Saturday, April 7, 2012
Home Defense, Part One
by Ben Small
It's three o'clock in the morning and a strange sound awakens you. The tinkle of falling glass, the scrape of a chair across a terrazzo floor, maybe the clink of silver pieces dropped into a bag.
What do you do?
Home invasions are on the rise, no doubt due to the economy and the rising drug trade, the number of addicts in need of fix money. And the number of home owners buying a weapon to defend themselves are on the rise.
But when faced with a home invasion, what do you do? You need to think about this, because it could happen to you. Indeed, it happened to me some years ago.
I'm not going to write about what home defense weapons are the best, for now. I'll save that for Part II, to be run at a later date. Instead, I'll talk about defensive considerations. And you should think about them. Indeed, you should have a plan.
One home defense expert has said that in a true home invasion, you may have as little as eight seconds to react. If that's the case, you may or may not have time to reach for the phone to call 911. And you should try to do so, unless it's obvious that reaching for the phone will get you dead.
But let's say you're awakened and you're not sure what you heard. Lie still and listen. Your cat may just have knocked something over. But if it's a burglary, you will likely hear further movement which will confirm your worst fear. Then you reach for the phone.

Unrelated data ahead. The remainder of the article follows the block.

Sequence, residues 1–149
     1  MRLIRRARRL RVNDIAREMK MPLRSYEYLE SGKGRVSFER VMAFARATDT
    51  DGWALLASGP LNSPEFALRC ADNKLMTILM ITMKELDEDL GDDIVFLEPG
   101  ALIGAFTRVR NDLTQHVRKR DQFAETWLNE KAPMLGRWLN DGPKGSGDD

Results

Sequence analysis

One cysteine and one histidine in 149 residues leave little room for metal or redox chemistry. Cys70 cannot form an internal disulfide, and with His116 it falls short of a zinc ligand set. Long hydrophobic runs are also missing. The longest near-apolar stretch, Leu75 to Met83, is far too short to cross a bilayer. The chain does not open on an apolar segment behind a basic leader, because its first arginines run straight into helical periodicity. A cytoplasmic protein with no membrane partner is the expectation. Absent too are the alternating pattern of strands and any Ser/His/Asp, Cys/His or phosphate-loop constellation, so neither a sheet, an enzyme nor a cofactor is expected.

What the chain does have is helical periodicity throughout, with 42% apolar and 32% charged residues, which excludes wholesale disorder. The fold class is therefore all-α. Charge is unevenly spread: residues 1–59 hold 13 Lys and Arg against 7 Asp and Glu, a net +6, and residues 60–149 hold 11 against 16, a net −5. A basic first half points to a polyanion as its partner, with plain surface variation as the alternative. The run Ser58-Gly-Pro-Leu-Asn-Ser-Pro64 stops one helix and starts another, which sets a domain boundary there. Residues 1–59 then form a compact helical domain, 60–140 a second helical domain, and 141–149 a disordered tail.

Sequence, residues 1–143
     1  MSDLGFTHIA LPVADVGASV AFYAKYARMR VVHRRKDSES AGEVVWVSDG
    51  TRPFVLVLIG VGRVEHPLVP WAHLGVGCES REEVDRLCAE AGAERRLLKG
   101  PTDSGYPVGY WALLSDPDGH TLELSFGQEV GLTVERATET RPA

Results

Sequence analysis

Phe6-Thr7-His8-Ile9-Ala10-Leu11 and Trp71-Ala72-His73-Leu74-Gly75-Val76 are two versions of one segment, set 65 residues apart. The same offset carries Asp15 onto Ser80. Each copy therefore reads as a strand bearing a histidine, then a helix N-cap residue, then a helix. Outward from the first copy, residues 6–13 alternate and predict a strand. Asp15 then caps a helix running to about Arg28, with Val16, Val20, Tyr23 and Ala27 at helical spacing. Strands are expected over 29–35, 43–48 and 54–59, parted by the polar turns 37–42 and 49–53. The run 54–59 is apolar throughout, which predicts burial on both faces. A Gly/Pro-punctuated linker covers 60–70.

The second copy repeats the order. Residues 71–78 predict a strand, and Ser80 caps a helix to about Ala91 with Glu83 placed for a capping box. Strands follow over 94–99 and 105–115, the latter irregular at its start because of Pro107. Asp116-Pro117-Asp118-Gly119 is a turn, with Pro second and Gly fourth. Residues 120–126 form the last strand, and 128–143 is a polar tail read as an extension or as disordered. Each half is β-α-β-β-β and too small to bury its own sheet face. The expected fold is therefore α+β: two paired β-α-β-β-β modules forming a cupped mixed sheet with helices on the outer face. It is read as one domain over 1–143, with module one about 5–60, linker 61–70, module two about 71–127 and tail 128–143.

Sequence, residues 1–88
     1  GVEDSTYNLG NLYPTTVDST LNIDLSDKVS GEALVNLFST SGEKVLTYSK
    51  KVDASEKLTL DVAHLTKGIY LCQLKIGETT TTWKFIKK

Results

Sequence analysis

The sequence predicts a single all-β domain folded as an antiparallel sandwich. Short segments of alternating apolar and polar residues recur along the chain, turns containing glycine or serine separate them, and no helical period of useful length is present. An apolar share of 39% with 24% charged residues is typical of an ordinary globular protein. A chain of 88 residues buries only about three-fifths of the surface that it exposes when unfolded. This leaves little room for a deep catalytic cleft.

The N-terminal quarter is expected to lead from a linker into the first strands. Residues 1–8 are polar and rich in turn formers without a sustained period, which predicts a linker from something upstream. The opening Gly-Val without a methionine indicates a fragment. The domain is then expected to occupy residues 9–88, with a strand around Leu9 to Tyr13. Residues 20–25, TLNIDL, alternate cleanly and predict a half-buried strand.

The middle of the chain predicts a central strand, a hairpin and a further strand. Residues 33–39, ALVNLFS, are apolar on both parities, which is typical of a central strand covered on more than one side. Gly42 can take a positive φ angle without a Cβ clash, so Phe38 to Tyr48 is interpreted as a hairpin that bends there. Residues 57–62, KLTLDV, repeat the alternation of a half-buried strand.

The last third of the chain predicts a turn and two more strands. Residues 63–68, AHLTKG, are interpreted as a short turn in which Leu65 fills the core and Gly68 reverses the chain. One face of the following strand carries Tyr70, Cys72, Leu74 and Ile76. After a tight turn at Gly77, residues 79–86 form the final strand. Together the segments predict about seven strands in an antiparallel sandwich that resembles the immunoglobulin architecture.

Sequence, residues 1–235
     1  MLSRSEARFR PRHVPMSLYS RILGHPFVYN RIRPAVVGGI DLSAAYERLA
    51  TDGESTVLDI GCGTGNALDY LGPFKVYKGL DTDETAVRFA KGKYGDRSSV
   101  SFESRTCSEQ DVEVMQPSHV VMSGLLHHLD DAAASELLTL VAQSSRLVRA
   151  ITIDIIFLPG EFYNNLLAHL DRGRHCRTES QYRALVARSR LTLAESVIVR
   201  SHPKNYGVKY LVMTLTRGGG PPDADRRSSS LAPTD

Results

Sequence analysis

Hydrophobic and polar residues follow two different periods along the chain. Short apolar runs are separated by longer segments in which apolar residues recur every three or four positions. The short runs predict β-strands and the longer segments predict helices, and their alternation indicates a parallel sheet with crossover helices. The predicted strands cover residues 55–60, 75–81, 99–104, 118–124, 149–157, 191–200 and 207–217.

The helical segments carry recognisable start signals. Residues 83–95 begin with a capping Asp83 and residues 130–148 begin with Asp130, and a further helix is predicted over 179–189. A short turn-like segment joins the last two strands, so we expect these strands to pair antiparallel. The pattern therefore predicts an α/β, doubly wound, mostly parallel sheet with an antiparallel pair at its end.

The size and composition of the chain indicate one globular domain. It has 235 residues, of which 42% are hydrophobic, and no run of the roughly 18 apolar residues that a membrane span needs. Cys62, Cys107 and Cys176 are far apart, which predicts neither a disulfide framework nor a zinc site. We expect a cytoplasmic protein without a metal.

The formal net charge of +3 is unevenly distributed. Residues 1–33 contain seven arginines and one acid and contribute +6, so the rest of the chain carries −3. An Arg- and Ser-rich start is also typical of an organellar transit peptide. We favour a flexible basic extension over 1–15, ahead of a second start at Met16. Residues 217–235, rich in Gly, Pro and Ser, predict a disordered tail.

Same thing for your home alarm going off. It may just be the wind. Stay still for a moment and listen. If a break-in is confirmed, dial 911 before your alarm company calls you back.
Massad Ayoob, noted author, cop, founder of Lethal Force Institute, Inc., the Massad Ayoob Group, a training academy for police and civilians both and an expert witness for both prosecution and defense, suggests the next thing you should do after dialing 911, is put some clothes on. You will feel much more self-assured with clothes, even a bathrobe, than stark naked.
If you have a weapon, don't put it under the bed. Bugs, dust bunnies, anything that can move into your gun barrel, can cause a catastrophic failure. Don't put a gun under a pillow. You may have a dream and shoot your spouse or yourself. Same thing with a night table. Instead, keep the gun in a handgun safe that can be opened with no light, either by touch or feel. You don't want to be looking around for a key in the dark.
Which brings up another recommendation by Ayoob: Keep the lights off. If you're silent and in the dark, an intruder may not realize someone's there. Your eyes will adjust, if they're not already. Yes, making noise may scare an intruder away, but if he's high on drugs or has a harm agenda, noise will tell him where you are. You know your residence better than an intruder does; make use of this information.
Whisper to your spouse to be silent and either get on the floor on far side of the bed or walk quietly into the closet, especially if the closet door has a lock. The mattress will provide some protection, and if the intruder doesn't kill you both right away, he'll probably put you in the closet anyway. The intruder will be in a hurry. If he can't find you, he can't shoot you. And the last thing you need is a spouse yelling, hampering your thoughts or giving away your location. Your focus needs to be on protection, not diluted by worrying about where your spouse is or what he or she is doing. You do not want him or her peering over your shoulder.